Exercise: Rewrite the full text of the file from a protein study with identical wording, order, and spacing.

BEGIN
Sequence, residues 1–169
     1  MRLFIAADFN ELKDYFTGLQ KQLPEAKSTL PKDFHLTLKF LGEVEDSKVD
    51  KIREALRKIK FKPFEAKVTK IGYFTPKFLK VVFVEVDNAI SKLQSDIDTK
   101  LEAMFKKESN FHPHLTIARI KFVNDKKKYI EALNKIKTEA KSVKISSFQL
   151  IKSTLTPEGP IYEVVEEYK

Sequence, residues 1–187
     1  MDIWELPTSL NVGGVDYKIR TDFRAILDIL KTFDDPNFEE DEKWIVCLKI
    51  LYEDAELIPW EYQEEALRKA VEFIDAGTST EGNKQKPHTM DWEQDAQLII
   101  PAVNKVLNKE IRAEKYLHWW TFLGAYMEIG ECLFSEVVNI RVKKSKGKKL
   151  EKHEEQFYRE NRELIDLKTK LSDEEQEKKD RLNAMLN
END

Sequence, residues 1–169
     1  MRLFIAADFN ELKDYFTGLQ KQLPEAKSTL PKDFHLTLKF LGEVEDSKVD
    51  KIREALRKIK FKPFEAKVTK IGYFTPKFLK VVFVEVDNAI SKLQSDIDTK
   101  LEAMFKKESN FHPHLTIARI KFVNDKKKYI EALNKIKTEA KSVKISSFQL
   151  IKSTLTPEGP IYEVVEEYK

Sequence, residues 1–187
     1  MDIWELPTSL NVGGVDYKIR TDFRAILDIL KTFDDPNFEE DEKWIVCLKI
    51  LYEDAELIPW EYQEEALRKA VEFIDAGTST EGNKQKPHTM DWEQDAQLII
   101  PAVNKVLNKE IRAEKYLHWW TFLGAYMEIG ECLFSEVVNI RVKKSKGKKL
   151  EKHEEQFYRE NRELIDLKTK LSDEEQEKKD RLNAMLN